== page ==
When I taught reading in a very tiny school that was the next thing to homeschooling, I used every trick in the book and then some, because I was teaching teenage boys who just did not have a good grasp on reading. Well, they didn't really want to read, to tell the truth!

I found a series of classic tales boys love, like Robin Hood, etc., written at "low level/high interest," as they say. This was really successful and helped give them a love of learning.

The Robin Hood and other stories about boys who were bad but also good really inspired my boys because they were sometimes bad but wanted (secretly, of course) to be good. Not being able to read like other kids made them feel bad. That's emotional and can be used to your favor while helping your son!

For poetry, I used Emily Dickinson and anyone that wrote on snakes and stuff like that. I then had the boys write poems. They almost always can read anything they write. Of course, they said they didn't want to write poems. But they did.

When this was too difficult and keyboarding was too frustrating for them, I would have them stand by the computer and dictate while I typed poems or stories. They usually could read it back. The most memorable poem I remember was a very long one about a wheelchair race. The whole class was riveted listening to it! I suspect getting published on the web would make most boys feel good, whether they admitted it or not.

I also let them read the Driver's Manual (oh, it is soooo hard to read but soooo motivating), plus surf, motorcycle, and any type of magazine they liked. We would then discuss it.

Of course, I used phonics, too, for both reading and spelling part of the time. Sometimes I used the all sensory method. I had them write out a word while saying it (three senses--tactile and verbal and auditory). I moved on to writing in sand, Jell-O, or pudding (they could eat the last two if they washed their hands before starting) --goodness knows how many senses this used including emotional because you do feel a little silly and/or playful doing this. Things learned emotionally are remembered!

I also used behavior mod with points and, in those days, stickers and posters, for prizes. Every kid got 15 points just for starting the day. It took 25 points to substitute chocolate milk for plain milk at lunch. I used every trick I could think of!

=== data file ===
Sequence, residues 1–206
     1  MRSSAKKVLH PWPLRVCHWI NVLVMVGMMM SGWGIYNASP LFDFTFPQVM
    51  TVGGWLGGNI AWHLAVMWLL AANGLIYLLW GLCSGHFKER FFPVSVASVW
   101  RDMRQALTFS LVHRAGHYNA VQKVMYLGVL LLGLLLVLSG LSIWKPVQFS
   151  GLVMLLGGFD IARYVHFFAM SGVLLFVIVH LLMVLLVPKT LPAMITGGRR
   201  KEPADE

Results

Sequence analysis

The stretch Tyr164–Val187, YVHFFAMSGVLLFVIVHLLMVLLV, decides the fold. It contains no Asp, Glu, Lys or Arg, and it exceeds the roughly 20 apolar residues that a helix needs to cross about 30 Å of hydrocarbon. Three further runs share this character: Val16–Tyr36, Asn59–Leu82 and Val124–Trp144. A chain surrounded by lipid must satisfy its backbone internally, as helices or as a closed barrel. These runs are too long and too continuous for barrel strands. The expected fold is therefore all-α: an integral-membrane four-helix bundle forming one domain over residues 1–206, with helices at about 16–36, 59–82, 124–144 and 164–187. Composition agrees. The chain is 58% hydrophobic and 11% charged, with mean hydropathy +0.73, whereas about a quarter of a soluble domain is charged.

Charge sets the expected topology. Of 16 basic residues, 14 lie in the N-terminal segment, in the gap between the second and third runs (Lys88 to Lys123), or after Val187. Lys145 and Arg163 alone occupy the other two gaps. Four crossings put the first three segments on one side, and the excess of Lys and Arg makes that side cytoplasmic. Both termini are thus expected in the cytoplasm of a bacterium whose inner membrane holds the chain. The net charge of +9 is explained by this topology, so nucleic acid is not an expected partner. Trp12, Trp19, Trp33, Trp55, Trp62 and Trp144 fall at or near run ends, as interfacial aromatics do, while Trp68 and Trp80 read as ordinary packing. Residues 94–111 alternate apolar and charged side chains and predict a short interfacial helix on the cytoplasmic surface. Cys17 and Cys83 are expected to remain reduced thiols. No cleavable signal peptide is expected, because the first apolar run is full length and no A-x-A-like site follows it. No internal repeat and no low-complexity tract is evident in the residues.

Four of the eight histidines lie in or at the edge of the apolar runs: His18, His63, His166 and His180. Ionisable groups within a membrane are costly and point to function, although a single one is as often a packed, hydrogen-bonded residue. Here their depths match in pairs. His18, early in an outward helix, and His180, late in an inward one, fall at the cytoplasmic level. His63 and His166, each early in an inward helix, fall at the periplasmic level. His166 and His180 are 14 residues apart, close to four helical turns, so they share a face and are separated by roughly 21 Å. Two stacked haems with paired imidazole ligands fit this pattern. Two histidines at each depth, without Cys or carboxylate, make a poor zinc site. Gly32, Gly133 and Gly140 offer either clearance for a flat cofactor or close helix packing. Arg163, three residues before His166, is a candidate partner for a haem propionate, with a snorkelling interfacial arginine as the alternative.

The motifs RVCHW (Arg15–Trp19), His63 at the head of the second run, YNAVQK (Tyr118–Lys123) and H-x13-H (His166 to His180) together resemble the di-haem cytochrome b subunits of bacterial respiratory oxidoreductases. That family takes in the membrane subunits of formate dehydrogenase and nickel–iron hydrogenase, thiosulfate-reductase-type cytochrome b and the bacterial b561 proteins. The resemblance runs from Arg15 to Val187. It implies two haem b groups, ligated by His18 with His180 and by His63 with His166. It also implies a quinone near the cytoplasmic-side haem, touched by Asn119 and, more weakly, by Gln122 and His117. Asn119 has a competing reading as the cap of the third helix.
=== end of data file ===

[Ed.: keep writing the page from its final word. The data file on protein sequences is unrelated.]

By the way, if you can get a solid third grade footing for your son, he will blossom after that. Third grade level is where they can finally read how to do things, read science books, etc., Do NOT give up! Lots of luck!

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Overcoming Shyness in Public Speaking

If you have to homeschool speech or get your student ready for competitions, shyness may be a factor. Just remember the key is control and lack of unknowns.

So go ahead of time, you and your student check out the room of the contest. Tell them: If you are going to use a microphone, have someone fix it and try it out. Stand or sit at the podium or table. Get an agenda of what else will be going on. Tell your student to take an outline of what you will be talking about. Take a pencil and mark off each point that you cover--then if you get interrupted or forget one, you can see there is no mark or dot, and go back to it.

Remind your pupil to: walk in the room with head high, good posture, and an air of command whether you have it at not. Look at the crowd. Smile in general. At least four or five people will think you smiled at them. The one or two that smile back, do some small talk with them if you are seated at a table. Or if you are a speaker at a podium at a distance, address of your remarks to them or anyone else that smiles.

If your child just can't look into eyes, look into eyebrows and the audience will never know the difference. Just know everything you can ahead of time and have as much control as you can have.

Philip Zimbardo, a social psychologist at Stanford, is the expert in this field and a book by him probably will be at your library. He even has workbooks for you to use to overcome shyness. I personally think it is genetic but I have overcome it in a lot of areas, and you can help your child, too, especially if you help them gain control of the main parts of the speech giving.